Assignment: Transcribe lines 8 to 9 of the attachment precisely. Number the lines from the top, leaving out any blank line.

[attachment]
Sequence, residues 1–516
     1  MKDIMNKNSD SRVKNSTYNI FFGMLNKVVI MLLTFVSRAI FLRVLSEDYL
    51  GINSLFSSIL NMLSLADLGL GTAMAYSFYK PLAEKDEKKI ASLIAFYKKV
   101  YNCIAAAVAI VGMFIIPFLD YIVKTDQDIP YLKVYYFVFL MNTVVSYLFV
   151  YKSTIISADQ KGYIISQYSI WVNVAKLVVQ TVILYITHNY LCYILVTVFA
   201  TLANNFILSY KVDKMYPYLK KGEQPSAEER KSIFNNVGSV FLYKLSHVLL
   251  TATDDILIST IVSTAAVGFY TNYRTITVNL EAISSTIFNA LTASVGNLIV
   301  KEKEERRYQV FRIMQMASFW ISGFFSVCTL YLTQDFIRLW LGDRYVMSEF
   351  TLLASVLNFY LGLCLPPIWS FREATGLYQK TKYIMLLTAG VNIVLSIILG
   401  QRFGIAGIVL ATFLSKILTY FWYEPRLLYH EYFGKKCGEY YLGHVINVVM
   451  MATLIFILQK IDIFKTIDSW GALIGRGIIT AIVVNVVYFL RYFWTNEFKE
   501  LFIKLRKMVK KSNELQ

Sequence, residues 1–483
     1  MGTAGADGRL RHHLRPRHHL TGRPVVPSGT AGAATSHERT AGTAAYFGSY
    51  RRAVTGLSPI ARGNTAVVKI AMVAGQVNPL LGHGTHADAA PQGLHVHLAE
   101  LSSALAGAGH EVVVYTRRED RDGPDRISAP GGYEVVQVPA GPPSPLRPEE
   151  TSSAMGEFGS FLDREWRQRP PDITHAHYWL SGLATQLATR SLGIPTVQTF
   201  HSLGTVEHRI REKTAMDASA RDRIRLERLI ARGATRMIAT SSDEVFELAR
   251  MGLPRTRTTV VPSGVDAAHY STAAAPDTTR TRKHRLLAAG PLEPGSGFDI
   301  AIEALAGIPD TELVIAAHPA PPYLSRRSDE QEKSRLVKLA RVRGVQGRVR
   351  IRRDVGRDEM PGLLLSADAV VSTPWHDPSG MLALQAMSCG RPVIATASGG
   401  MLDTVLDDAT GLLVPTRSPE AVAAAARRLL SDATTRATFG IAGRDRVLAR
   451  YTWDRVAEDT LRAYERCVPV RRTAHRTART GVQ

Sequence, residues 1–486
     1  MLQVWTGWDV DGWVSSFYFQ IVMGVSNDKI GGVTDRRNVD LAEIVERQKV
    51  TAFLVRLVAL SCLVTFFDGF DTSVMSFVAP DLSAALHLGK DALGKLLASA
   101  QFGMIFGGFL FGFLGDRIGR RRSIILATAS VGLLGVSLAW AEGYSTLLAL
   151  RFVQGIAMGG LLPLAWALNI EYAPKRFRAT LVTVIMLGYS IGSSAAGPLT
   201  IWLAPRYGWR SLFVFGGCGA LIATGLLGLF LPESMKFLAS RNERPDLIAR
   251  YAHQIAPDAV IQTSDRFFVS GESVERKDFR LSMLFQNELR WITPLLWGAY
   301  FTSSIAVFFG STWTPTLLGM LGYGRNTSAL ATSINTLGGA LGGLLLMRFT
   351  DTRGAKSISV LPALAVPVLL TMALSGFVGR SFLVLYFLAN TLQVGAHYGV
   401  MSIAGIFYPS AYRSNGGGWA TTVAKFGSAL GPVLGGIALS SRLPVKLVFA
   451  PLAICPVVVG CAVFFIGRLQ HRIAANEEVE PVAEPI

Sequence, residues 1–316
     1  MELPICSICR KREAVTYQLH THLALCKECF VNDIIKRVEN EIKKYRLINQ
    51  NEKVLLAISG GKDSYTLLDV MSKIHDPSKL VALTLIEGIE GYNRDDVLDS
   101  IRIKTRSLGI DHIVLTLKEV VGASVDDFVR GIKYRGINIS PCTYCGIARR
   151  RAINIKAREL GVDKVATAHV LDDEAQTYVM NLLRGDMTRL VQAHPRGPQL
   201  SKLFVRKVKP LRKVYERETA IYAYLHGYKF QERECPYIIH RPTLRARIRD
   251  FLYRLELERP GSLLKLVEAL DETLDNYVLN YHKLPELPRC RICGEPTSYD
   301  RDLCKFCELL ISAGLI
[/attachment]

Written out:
   301  KEKEERRYQV FRIMQMASFW ISGFFSVCTL YLTQDFIRLW LGDRYVMSEF
   351  TLLASVLNFY LGLCLPPIWS FREATGLYQK TKYIMLLTAG VNIVLSIILG